Accessible Content Creation – Semantic Headings

This is Nick with Reaktiv Studios continuing the series on accessible content. 

In the previous part of the content accessibility series I introduced accessibility, explained why it matters, and shared stories to help illustrate some of the experiences people with disabilities might encounter on a website.

Now, I’m going to explain semantic headings, how to use them correctly, and when to avoid them.

Semantic is a $20 word, but in this context it describes headings with the correct HTML markup, following the correct order. The good news is that you don’t need to worry about the HTML markup, the WordPress editor does a great job of that. You just need to make sure that you are using real headings, which is easy to do in the editor. Let’s look at some examples.

I’ve created this page using the block editor. The content of the page is the transcript for this video. So, now we are looking at the transcript of the video in progress, which is a bit of inception level accessibility.

Fake headings

As I scroll through the page, you will notice that the content has several headings. However, I actually created one of them wrong on purpose. If someone were using a screen reader to access the content of this post before it was published, the screen reader would not pick up the “Fake headings” heading, because it is actually a paragraph. Giving a piece of content the appearance of a heading does not make it so.

In a moment I’ll demonstrate how to identify and fix the fake headings.

Headings are very helpful for users. Sighted visitors can use headings, including the fake ones, to identify sections of content and get some idea of what is going to be in the section.

Users accessing the site with a screen reader can also scan headings. Semantic headings let them know what is on a page quickly and how to find the information they are looking for. If the page is using “fake headings” they will not be able to do that, which means going through every line of text. That can be a very long and frustrating process.

Consumable content

Headings also break up long blocks of text. This is helpful for users with cognitive disabilities as long blocks of text are difficult to read. Shorter paragraphs, lists, and headings make the content more consumable for all users.

How to use headings

Let’s look at the editor to see how to fix the fake heading and how to use them in general.

Fixing fake headings

The first thing I’ll do is open the block editor for this post, then find the fake heading. Watch as I click on the “Fake headings” heading. You will notice this is a paragraph block, not a heading block. When setting this up the wrong way, I used the controls to make it bold and larger so it looked more like a heading. 

It’s ok to increase the font size and make text bold if the content isn’t an actual heading. For example, you might want to draw attention to some text that isn’t a heading. It’s best to use the text controls for a paragraph in this case because using a real heading, when it is not a heading, can also lead to confusion.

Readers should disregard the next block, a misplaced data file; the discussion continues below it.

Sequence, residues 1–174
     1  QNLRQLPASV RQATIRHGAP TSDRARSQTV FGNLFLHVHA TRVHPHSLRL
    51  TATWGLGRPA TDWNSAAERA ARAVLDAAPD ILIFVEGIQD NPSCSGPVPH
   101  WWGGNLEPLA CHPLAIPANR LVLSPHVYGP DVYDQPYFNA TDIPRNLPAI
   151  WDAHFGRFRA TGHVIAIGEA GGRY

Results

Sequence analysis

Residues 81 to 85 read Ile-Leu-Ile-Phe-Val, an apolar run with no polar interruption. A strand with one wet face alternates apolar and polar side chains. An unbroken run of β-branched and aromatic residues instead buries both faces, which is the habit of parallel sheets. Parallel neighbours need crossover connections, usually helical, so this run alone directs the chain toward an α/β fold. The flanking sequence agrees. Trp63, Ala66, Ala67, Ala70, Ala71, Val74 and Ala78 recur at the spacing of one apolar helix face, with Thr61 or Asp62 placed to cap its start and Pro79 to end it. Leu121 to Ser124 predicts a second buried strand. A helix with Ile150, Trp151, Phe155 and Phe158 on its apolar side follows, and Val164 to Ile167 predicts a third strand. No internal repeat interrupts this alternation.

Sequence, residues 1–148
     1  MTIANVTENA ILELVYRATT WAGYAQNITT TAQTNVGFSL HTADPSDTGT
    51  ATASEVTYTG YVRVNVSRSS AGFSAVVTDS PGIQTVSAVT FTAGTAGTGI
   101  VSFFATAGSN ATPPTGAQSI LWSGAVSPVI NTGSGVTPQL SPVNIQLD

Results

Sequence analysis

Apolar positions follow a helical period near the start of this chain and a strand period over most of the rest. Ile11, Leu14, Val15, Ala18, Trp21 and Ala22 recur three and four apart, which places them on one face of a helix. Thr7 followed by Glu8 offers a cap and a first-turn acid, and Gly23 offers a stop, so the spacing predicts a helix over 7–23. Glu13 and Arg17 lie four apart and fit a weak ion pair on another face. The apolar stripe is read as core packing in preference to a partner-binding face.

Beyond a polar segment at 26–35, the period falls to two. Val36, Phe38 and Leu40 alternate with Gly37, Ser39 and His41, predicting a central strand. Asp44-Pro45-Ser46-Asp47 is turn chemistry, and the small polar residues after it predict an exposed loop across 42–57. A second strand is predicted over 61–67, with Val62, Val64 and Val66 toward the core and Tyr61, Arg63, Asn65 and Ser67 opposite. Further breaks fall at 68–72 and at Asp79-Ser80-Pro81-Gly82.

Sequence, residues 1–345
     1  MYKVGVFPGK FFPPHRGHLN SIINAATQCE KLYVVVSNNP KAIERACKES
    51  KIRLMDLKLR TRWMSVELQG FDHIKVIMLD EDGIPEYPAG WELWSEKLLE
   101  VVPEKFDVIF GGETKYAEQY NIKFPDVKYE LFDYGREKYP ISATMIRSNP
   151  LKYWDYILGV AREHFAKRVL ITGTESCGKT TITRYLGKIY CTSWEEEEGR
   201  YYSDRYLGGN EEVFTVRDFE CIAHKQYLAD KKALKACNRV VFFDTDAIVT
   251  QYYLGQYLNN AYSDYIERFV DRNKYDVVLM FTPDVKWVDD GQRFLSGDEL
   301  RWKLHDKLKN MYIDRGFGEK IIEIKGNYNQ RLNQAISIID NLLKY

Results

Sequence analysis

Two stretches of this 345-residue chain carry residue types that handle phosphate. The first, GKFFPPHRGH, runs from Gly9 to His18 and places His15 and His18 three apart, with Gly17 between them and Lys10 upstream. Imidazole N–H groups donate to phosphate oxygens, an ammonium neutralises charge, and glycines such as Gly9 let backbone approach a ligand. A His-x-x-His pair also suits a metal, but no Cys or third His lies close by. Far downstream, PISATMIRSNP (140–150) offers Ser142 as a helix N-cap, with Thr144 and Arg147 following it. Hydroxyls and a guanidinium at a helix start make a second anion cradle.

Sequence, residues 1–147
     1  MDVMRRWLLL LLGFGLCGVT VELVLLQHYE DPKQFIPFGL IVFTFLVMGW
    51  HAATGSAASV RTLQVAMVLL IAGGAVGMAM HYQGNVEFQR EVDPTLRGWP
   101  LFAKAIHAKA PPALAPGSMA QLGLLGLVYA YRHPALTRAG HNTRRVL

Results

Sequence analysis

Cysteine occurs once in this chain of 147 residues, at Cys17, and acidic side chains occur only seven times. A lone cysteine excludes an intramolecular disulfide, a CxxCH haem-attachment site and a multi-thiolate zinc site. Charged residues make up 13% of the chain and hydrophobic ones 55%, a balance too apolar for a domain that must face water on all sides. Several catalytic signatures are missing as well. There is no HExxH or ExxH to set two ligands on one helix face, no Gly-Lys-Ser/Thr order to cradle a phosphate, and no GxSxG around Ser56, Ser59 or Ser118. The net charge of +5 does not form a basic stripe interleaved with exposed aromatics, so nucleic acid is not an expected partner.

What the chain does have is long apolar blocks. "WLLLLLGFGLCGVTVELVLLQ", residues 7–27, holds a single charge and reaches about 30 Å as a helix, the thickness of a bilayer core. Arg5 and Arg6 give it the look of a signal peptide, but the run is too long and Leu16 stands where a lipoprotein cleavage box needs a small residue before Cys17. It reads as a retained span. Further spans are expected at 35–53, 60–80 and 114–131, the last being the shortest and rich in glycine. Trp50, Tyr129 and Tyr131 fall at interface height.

Sometimes it can be difficult to identify when to use a heading. The question to ask yourself is, “does this block of text summarize the following section in a few words?” If so, you’ve got a heading and should treat it as one. 

To fix this heading I can click the change block control, which lets me switch between paragraphs, lists, and headings easily. After selecting the heading block, I can change the heading level. This block is a heading level two or “H2” and that is what I want here. I’ll explain these levels in a few seconds.

I can repeat this process for any other fake heading.

  1. Click the text
  2. Click the change block control
  3. Select heading
  4. Verify the heading level

Correctly setting headings

We’ve already talked about the definition of a heading. This is a block of text that summarizes the following content in a few words. 

Headings should be succinct. Long sentences or even medium sentences make poor headings. A short sentence might work, but often headings aren’t even a sentence.

It’s also important that the headings give a sense of what will be covered in the content following the heading. This specific section that I’m covering has a heading “Correctly setting headings” so readers will know this is covering how to set headings correctly. This wouldn’t be the place to describe list controls. Also, a heading that simply said “correct use” wouldn’t be that helpful.

The next thing to understand about a heading is the order. An accessible site should have headings that follow an order tree. Generally this means a single H1, which is usually the page title, then one or more H2, and moving from H2 to H3 to H4 to H3 to H2 etc without skipping down more than one level. Here is a list that shows what this might look like

  • H1
    • H2
    • H2
      • H3
      • H3
        • H4
    • H2
      • H3

Notice there is only one H1. Then there are 3 H2. In the second H2 section there are two H3 and the second H3 has a single H4. It goes up to H2 from the H4 and that is ok, but it never goes down more than one heading at a time. A well-structured order tree is not absolutely required for an accessible site, but it is recommended because the structure is more easily navigable.

With these tips you are ready to start organizing your content with headings. 

The next part will go into more detail about content structure and the controls you can use to organize your content in an accessible way.

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